The core is more than your abs and serves a larger purpose than making you look good on the beach. To get the most out of your core training (learn more about core training), you have to understand what the core actually is and how to target its different muscle groups.
The Core Defined
The core is the foundation of the entire body. It includes muscles from the upper thighs up to the chest, including the internal and external obliques, pelvic floor musculature, multifidus, transverse abdominus, psoas major, adduct complex, rectus abdominus, quadratus lumborum, gluteus medius, and the diaphragm.
The Purpose of the Core
The primary purpose of the core is to stabilize the spine and transfer energy between the lower and upper body. If the core is weak, you will lose power when throwing, tackling or executing virtually any other skill, and also put yourself at risk of injury. Research has shown that low back pain, knee pain and even ankle pain can stem from a weak core.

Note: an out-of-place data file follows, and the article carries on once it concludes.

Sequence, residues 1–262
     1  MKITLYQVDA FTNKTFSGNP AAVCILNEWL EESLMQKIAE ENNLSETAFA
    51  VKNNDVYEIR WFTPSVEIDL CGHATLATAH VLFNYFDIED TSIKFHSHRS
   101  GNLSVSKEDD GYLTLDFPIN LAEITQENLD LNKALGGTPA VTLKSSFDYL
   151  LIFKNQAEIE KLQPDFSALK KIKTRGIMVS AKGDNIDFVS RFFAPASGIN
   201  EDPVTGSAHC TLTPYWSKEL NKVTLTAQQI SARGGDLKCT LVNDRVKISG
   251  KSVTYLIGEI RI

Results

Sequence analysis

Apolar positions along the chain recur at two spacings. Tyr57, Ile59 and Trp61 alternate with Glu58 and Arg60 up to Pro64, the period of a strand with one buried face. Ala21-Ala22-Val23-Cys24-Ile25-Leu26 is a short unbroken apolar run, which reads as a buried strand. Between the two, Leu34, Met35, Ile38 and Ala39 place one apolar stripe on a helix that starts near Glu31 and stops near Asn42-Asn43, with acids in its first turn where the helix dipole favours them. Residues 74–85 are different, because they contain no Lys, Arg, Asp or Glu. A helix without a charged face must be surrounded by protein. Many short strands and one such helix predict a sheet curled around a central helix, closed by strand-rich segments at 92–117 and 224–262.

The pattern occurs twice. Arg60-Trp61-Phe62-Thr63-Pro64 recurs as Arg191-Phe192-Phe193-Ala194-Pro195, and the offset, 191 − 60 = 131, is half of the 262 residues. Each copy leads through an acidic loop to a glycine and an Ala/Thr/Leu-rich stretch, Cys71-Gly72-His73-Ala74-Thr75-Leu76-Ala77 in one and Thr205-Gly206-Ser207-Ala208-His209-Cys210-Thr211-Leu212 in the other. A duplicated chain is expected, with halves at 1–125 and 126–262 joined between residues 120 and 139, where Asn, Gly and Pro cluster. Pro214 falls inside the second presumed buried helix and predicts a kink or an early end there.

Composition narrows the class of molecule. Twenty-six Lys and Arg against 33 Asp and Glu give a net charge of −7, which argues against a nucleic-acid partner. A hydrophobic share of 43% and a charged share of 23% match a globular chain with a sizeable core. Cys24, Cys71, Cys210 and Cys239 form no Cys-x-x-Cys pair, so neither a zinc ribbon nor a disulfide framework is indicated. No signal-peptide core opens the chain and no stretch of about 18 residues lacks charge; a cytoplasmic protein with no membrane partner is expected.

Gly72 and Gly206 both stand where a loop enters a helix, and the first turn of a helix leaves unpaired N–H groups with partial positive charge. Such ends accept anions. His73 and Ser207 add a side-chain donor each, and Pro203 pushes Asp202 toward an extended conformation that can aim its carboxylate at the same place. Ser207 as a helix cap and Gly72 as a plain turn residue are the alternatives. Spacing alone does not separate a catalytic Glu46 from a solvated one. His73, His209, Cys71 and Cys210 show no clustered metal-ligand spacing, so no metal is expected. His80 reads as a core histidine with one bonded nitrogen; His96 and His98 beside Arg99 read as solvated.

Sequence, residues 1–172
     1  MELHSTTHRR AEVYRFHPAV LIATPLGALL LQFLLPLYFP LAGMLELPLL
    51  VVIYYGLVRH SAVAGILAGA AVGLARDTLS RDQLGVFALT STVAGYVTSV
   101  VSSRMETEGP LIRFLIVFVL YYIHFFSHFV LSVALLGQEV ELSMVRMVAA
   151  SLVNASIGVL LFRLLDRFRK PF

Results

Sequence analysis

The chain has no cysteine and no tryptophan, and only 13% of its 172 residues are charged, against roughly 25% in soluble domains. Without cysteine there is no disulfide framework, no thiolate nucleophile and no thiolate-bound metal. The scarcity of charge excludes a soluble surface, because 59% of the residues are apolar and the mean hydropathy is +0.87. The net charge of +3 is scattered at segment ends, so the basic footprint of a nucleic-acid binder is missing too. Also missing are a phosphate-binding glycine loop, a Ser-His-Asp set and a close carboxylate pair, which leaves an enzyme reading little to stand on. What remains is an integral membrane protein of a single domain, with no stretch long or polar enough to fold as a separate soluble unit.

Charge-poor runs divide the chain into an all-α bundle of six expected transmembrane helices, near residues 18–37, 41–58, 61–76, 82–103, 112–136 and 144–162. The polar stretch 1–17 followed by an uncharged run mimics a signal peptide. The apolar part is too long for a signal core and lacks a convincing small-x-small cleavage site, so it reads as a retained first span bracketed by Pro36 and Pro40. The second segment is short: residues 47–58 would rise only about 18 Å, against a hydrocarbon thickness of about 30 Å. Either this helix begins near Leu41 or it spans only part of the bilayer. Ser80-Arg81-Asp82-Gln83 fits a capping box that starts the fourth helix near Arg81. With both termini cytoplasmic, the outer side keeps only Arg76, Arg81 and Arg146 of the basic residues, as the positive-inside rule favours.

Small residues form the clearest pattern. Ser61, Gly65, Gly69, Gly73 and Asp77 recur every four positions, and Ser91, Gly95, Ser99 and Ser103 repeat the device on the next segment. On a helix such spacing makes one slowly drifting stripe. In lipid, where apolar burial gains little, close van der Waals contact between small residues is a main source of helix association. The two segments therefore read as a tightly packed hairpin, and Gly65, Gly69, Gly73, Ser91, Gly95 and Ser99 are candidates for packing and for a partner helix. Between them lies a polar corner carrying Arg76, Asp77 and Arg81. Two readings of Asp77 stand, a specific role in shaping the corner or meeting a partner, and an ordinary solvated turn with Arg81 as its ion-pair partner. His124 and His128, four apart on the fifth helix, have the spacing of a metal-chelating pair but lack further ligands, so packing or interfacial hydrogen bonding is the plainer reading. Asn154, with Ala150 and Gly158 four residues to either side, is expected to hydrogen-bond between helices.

Training Your Entire Core
The following three exercises are a great way to work the several different muscles of your core to improve your athletic performance and enhance your overall health.
Glute Bridge With March
- Lie with back on ground, knees bent and heels on ground
- Raise hips into bridge position so that only feet and shoulder blades touch ground
- Slowly pull right knee to chest and return to ground; repeat with left leg
- Continue in alternating fashion for specified reps
Sets/Reps: 3x5 each side
- Lie with middle of back on physioball and feet on floor
- Perform crunch; keep chin pointed toward sky
- Repeat for specified reps
Med Ball Rotational Throws
- Assume athletic stance with feet shoulder-width apart
- Stand with partner or wall five yards to the left
- Explosively rotate through core and throw med ball at partner/wall
- Maintain tight abs and stable lower body during rotation
- Receive med ball and continuously repeat for specified reps
- Perform set with partner or wall to right
Sets/Reps: 2x10 each side
Photo Credit: Getty Images // Thinkstock